Andover Newton Theological School and “The Great Transition”

lorain-etcandover-newton(For several days this past week I have been at my alma mater, Andover Newton Theological School, at a reunion for alums. I have seen some old friends and experienced some moving addresses and worship. The school is in the process of selling its historic Newton campus and de-camping  to New Haven. CT, to become an “embedded school” within Yale Divinity School. About 165 of us alums gathered to have one last time together on “the Hill” as it has been known. I was part of a closing service that moved from place to place where we reflected and prayed before retiring to the chapel for the Lord’s Supper. I prepared the following notes, but spoke ex tempore, but these words are close to what I said. We were in front of Sturtevent Hall, and I was charged with reflecting on all the dorms, the halls and houses where we lived while we were there.)

This place was important to me. I grew and changed here, was shaped and formed here. I met my wife while I was here. I made some of the best friends I have ever had here. I had some of my most important teachers and mentors here. Three of them died within weeks of each other earlier this year and I attended their funerals: Max Stackhouse, Jerry Handspicker, and Bill Holladay.

Yes, this place was important for me, and I say “place” rather than “school” because the two always seemed inseparable. Andover Newton was “the Hill,”“the Hill” was Andover Newton.

So imagining Andover Newton not here on this hill has been for me, and I know for many of you, a difficult matter to get our minds around.

We know these brick and mortar buildings are not instrinsically holy spaces, only made holy by what took place in them from time to time.

These halls and houses that I will soon name in prayer were our homes while we were here. We lived in them, slept in them, ate and drank in them, studied in them, played and partied in them. We also laughed and cried and prayed in them.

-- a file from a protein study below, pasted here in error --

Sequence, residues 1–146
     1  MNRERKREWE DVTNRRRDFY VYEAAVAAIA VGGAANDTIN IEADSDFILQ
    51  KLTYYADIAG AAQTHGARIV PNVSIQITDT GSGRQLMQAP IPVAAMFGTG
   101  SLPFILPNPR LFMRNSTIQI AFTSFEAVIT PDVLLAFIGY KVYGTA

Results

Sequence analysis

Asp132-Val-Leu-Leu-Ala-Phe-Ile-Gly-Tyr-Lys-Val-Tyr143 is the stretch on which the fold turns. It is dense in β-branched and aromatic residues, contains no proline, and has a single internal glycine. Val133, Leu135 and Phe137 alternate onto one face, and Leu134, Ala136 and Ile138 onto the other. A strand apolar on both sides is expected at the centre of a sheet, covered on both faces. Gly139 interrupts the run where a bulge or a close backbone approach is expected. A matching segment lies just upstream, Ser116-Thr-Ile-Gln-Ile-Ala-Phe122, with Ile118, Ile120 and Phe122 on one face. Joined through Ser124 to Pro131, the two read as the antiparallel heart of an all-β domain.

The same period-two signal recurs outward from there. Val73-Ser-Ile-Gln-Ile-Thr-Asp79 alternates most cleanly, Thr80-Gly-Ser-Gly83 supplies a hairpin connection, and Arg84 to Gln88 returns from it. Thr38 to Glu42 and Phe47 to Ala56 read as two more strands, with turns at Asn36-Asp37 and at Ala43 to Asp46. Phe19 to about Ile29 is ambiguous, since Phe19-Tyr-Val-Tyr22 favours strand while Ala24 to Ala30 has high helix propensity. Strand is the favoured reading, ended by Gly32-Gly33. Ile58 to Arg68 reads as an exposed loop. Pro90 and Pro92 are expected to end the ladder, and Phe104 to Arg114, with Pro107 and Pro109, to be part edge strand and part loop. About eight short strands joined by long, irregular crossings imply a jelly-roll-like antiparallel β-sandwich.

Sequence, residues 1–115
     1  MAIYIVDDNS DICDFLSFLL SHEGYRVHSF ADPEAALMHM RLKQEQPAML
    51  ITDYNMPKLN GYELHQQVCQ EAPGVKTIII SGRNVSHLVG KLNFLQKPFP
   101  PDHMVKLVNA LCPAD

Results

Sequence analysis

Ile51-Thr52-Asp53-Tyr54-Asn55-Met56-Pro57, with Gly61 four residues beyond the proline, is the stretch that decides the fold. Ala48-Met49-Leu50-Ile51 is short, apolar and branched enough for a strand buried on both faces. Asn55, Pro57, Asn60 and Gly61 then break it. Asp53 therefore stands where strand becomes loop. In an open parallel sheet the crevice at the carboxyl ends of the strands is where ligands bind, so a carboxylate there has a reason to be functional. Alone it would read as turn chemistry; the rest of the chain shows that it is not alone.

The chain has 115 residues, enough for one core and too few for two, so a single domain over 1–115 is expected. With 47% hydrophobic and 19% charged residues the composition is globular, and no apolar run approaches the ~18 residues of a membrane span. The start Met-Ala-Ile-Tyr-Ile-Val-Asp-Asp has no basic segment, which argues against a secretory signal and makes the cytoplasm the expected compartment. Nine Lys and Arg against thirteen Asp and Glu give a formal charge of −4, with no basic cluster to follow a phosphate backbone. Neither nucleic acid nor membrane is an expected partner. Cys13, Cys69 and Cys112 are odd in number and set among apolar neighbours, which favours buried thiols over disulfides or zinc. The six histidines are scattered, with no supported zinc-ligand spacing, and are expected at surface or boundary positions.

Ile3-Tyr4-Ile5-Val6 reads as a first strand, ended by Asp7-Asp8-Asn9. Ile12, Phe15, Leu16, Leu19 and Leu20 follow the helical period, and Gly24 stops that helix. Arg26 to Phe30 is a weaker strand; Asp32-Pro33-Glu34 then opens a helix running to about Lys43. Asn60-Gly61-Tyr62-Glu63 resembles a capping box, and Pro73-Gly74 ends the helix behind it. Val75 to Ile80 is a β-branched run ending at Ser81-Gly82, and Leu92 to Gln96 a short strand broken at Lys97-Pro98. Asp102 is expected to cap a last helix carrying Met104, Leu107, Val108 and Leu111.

I thought this place would always be here, as a touchstone and landmark of an important chapter in my life. A couple years ago Martha bought a brick for the walkway to honor my forty years of ministry and that felt good to me, that it should be here.

But it won’t be here, and those bricks that some of you had to collect and take home are perhaps the most poignant symbols of the loss of this place.

So it would be easy (and has been easy) for me to succumb to the narrative of the decline of the mainline church.

And by the metrics of the world that narrative makes simple sense.

But we are not the world, we are the church, and we have been here before.

We have another narrative, another story. How many times have the faithful come to what looks like a dead end?

I imagine the captives marching to exile in Babylon, who had lost their land, their king and their temple, wondering if the story was over. Is the story over?

And I imagine those standing at the foot of the cross feeling as if the story was over. Is the story over?

And those disciples on the road to Emmaus, who had such high hopes, were feeling as if the story was over. Is the story over?

When you feel you are part of God’s story, and it seems to come to an end, does that mean my story with God is over? Is the story over and I am no longer a part of it? Is that what saying goodbye to this place means?

I am here to testify (to remind you, really, because you know) that God’ story is not over.

The story that has been going on this Hill (and before it), of men and women called by God to the ministry of the church, to share the good news of God’s vast love for all in Jesus Christ, that story is not over, not by a long shot.

Will you pray with me now:

Our God, we give you thanks and praise for this day and all its blessings, and for all the many ways that you provide for us.

On this day, in this place, we thank you for all the places here at Andover Newton that have been our homes, and we name them before you: Appleton Chase House, Farwell Hall, Fuller House, Herrick House, Kendall House, Sturtevant Hall, and the former Chase House.

Though but brick and mortar these places became vessels of holy conversations, spirited discussions, sacred arguments, and blessed inspirations, as many generations of us were formed here to be your ministers.

We acknowledge before you the complexity of our many feelings as we mark our time of closure with this campus and these buildings. Mixed with our gratitude and warm memories is a sense of loss and displacement.

But we know you are a God who is always doing a new thing, and you call us forth to new paths and new journeys. As we live always between memory and hope, we rely on your kindly providence for the new journey of our school.

May the work of preparation for ministry that began at Andover and Newton so long ago, and took place here on the Hill for so long, continue in new places and new spaces as it has done so here, to further the mission and ministry of the church of Jesus Christ, and it is in his strong name that we pray. Amen.



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